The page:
No-contact rules apply at minicamps, too

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Last week, the issue of “live contact” during OTA sessions (why in the hell don’t they just call it practice?) landed back on the league’s radar screen, with the NFL and the union smacking the Seahawks for letting their players smack each other around too much during offseason drills.

With penalties possibly coming in New Orleans and evidence of possible violations surfacing in Philly and Dallas, it’s important to keep in mind that, as many teams now embark on their mandatory minicamps, the rules against contact apply there, too.  (Indeed, it was during a mandatory minicamp last week that a fight among players prompted the league to reportedly look into whether the fracas was preceded by live contact.)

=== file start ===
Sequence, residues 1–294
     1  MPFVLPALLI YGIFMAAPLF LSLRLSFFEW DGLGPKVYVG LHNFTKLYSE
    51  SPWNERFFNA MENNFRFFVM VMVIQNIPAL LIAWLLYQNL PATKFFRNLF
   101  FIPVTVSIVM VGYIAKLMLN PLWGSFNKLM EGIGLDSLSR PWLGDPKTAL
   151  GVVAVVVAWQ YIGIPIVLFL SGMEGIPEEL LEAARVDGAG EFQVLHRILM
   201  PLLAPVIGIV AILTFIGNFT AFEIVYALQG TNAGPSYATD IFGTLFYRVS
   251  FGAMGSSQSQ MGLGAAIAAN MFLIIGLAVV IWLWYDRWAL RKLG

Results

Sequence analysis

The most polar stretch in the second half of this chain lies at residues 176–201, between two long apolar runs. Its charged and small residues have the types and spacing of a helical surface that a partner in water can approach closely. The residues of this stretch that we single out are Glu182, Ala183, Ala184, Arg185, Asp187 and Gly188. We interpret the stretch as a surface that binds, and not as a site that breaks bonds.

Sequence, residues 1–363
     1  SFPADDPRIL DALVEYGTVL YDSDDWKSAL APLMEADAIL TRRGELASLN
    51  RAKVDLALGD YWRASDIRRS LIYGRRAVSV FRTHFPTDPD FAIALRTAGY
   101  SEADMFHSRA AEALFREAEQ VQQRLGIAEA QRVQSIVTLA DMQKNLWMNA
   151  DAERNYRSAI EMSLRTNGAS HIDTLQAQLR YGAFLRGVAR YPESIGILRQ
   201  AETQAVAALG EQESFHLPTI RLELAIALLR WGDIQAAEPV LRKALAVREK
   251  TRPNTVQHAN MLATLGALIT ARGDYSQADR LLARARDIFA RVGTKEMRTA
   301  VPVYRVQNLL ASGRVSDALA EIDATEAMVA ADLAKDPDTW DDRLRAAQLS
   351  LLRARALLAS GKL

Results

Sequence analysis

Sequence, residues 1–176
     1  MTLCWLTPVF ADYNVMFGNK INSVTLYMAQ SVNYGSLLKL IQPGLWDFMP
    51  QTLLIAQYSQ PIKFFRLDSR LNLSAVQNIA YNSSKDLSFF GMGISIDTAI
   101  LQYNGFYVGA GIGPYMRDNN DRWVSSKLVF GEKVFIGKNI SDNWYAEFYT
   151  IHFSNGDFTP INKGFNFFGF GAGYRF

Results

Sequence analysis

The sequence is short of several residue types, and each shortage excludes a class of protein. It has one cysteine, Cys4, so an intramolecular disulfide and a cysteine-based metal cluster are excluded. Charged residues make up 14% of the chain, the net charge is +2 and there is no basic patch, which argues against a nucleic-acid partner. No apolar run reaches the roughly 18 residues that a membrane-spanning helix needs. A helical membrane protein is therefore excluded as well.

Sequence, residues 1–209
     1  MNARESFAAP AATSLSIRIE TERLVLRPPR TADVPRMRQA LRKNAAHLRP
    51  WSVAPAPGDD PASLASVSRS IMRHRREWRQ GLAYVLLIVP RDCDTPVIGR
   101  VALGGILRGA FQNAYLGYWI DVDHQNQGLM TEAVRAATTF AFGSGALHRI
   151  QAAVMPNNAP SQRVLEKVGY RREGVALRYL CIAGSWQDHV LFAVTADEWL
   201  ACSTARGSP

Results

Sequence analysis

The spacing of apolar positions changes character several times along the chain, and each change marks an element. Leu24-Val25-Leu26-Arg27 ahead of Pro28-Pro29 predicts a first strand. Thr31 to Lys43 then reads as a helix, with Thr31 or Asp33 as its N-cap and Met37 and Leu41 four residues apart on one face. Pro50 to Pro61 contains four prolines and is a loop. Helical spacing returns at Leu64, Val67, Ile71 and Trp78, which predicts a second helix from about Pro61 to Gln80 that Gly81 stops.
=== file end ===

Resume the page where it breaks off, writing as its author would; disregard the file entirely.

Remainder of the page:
In response to last week’s violation in Seattle, Mike Sando of (who has the NFC West beat) reviewed video posted on team websites and found evidence that the Cowboys were indeed going too hard.  Most teams, in Sando’s assessment, were engaged in something other than “live contact” based on the posted videos.

Absent a comprehensive program that entails actually looking at the films teams are required to keep of every practice, it will be impossible to know whether every team that has crossed the line will be caught and corrected.  Though media accounts can fuel suspicions that can then spark investigations, the league and the union shouldn’t need prompting from the press.  Someone should be reviewing all practice tapes — and the teams should know it’s happening — not only to ensure that the rules are being followed but also to prevent any unintentional violations.

Most importantly, teams need to know what is and isn’t allowed.  “Live contact” is a broad term; without precise guidance, plenty of teams could be doing too much when players are contacting each other and/or when players are being contacted by brooms.